Once your Club has submitted its complete Reaffiliation Application and the application has been approved (i.e. all documentation is submitted), a member of the Arc Clubs team will send you a Bank Letter that verifies your affiliation status and lists the signatories for your new account (as stated on your Reaffiliation Application – make sure that these names exactly match the name of their photo ID). This letter will ensure that you won’t have to pay bank fees on your account.
Making a Payment or Purchase
All payments made by your Club must be authorised by the Club Executive (no payments or purchases can be made by individual Executive members). Where possible, all payments should be conducted through the Club bank account. This is to ensure that there is an accurate record of all payments. For example, if a Club wishes to purchase Club t-shirts and collects cash to finance it, the Club must then bank the cash and pay the bill from the Club bank account as opposed to directly paying the shirt company in cash.
Similarly, if a Club Executive pays for the shirts and then the Club collects payment, the Club would need to bank the cash and then pay the Executive from the bank account instead of paying the cash directly to the Executive member. This is particularly relevant when Club make purchases that are difficult to pay directly from the Club (such as from a supermarket). Once again, in that situation the person paying for the item would need to be reimbursed from the Club bank account and not directly in cash. For small payments, petty cash can be used directly by the Club Executives to make purchases.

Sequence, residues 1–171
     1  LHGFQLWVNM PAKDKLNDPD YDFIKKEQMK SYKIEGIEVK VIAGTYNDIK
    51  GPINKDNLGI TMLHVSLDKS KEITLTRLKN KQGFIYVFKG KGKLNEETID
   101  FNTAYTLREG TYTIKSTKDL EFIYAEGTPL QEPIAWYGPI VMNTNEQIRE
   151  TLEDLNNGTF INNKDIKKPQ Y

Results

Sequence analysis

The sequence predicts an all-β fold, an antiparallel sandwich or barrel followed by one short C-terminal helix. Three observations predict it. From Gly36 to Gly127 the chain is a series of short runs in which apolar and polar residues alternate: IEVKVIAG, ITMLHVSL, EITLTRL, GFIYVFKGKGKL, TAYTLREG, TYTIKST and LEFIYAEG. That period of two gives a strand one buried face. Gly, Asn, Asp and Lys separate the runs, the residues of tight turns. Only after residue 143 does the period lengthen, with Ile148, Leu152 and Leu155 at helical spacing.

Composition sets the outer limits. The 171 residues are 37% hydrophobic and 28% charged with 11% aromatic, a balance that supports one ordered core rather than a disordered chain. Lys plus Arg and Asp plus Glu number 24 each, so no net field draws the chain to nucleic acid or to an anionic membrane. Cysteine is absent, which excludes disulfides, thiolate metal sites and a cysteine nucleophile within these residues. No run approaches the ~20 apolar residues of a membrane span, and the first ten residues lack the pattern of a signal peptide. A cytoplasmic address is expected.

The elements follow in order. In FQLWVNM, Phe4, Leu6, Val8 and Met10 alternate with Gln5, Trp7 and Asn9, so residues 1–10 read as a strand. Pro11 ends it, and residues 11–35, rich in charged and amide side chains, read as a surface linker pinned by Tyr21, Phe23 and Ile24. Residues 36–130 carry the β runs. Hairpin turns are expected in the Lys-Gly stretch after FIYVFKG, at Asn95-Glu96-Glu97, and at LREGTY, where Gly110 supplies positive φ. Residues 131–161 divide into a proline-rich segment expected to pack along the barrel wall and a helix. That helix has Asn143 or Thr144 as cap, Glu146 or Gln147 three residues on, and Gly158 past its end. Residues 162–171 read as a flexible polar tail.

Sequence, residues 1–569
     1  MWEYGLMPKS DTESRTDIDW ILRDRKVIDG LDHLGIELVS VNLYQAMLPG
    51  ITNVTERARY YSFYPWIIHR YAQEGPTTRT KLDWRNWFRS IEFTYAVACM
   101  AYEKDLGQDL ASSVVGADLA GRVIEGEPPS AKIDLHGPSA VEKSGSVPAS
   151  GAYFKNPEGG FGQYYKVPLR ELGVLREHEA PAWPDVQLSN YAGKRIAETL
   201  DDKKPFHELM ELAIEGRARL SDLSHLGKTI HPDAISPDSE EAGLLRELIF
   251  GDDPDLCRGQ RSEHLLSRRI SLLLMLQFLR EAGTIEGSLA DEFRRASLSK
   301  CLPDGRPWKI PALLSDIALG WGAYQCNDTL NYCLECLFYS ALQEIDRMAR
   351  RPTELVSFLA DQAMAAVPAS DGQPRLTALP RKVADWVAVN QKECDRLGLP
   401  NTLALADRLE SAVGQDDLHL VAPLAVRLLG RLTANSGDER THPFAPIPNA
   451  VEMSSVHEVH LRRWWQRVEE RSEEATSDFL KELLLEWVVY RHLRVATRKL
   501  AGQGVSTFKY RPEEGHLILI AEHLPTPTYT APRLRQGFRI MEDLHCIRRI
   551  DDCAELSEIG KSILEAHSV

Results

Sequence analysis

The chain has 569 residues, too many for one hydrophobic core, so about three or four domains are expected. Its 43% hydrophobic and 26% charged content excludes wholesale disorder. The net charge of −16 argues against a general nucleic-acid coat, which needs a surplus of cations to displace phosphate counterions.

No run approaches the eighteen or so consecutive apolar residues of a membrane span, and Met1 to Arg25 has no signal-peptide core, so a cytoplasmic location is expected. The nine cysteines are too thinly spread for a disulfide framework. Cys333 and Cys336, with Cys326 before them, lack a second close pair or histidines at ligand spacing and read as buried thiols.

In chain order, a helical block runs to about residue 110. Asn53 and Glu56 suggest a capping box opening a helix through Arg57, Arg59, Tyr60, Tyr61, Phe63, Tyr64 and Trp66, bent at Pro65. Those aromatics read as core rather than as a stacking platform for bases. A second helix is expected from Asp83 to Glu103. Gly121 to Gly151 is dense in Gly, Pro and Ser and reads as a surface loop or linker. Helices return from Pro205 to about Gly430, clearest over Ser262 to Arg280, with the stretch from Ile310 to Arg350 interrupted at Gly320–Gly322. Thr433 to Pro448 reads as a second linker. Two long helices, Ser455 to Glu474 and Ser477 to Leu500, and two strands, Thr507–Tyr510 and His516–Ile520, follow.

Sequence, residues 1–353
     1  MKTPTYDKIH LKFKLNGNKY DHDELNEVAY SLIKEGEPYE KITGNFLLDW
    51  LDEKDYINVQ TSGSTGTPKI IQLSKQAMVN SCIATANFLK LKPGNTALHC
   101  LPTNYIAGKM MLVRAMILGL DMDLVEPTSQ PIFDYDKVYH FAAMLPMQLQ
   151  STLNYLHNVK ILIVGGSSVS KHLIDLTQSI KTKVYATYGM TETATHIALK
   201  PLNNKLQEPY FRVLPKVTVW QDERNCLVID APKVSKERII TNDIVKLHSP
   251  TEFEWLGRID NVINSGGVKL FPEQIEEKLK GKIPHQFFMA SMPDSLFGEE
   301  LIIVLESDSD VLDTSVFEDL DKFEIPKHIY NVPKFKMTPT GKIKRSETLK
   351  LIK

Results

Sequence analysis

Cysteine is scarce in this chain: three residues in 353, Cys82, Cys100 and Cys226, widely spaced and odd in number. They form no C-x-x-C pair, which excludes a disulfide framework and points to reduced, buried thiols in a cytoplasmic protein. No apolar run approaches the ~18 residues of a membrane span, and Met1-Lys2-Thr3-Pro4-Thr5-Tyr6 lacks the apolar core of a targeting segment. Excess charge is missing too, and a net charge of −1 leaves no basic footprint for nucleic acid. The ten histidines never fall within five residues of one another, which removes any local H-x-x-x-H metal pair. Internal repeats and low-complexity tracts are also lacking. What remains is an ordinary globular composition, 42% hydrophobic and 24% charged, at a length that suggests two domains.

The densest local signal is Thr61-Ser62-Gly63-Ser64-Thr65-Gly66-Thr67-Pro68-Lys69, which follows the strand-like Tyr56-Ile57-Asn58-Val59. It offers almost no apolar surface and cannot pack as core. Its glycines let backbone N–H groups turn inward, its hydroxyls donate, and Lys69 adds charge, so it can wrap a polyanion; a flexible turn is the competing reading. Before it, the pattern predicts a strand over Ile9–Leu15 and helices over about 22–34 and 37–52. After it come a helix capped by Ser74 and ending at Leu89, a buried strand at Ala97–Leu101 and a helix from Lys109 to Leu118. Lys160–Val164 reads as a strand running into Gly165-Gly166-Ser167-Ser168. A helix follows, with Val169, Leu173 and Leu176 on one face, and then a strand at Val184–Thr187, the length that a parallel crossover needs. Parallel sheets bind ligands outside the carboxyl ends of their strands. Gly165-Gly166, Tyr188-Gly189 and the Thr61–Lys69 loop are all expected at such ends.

It is recommended that Clubs keep originals or copies of receipts and invoices for their own records. It is a good idea to keep both a digital (scanned) and paper copy of all invoices to ensure that documents aren’t lost or become unreadable as receipts often fade.
You should ensure that, for any purchase your Club makes, you obtain an invoice that includes the following information:
- the company’s name
- the company’s ABN
- a clear description of purchases and quantities supplied
- the total amount paid
- GST information (including where tax is applied)
- If the company is not registered for GST, the receipt or invoice should say
- “[the company] is not registered for GST"
- the date the invoice was issued
Your Club should not make purchases from companies if they are unable to provide an invoice, as it is important that you have all the details of purchases recorded. Keep in mind that you need to provide valid tax invoices if you are planning on applying for a grant from Arc. Details on requirements for tax invoices are available from the Australian Taxation Office website and in the Clubs Handbook.
Recommendations regarding online payment accounts:
We are aware that some Clubs have looked into setting up payment accounts (e.g. PayPal) linked to Club accounts for the purposes of making payments on behalf of the Club.
We strongly recommend against a setup of this kind, as it can be used to bypass the two signatory requirement to access Club funds from your Club bank account. While we understand that this may be more convenient, the reason for the two signatory requirement is as a safeguard against the misuse of Club funds. A setup like PayPal will allow one current or future person with access to the PayPal account to misuse funds, which may not be recoverable.
Remember – in general Club Execs are personally liable for the debts of the Club (unless your Club is incorporated). Even if you have budgeted carefully to ensure that you have enough to pay for the contracts you have committed to, if money is stolen from your Club and you no longer have sufficient Club funds to cover the costs that have been committed to, then your Execs will be personally liable for any outstanding payments.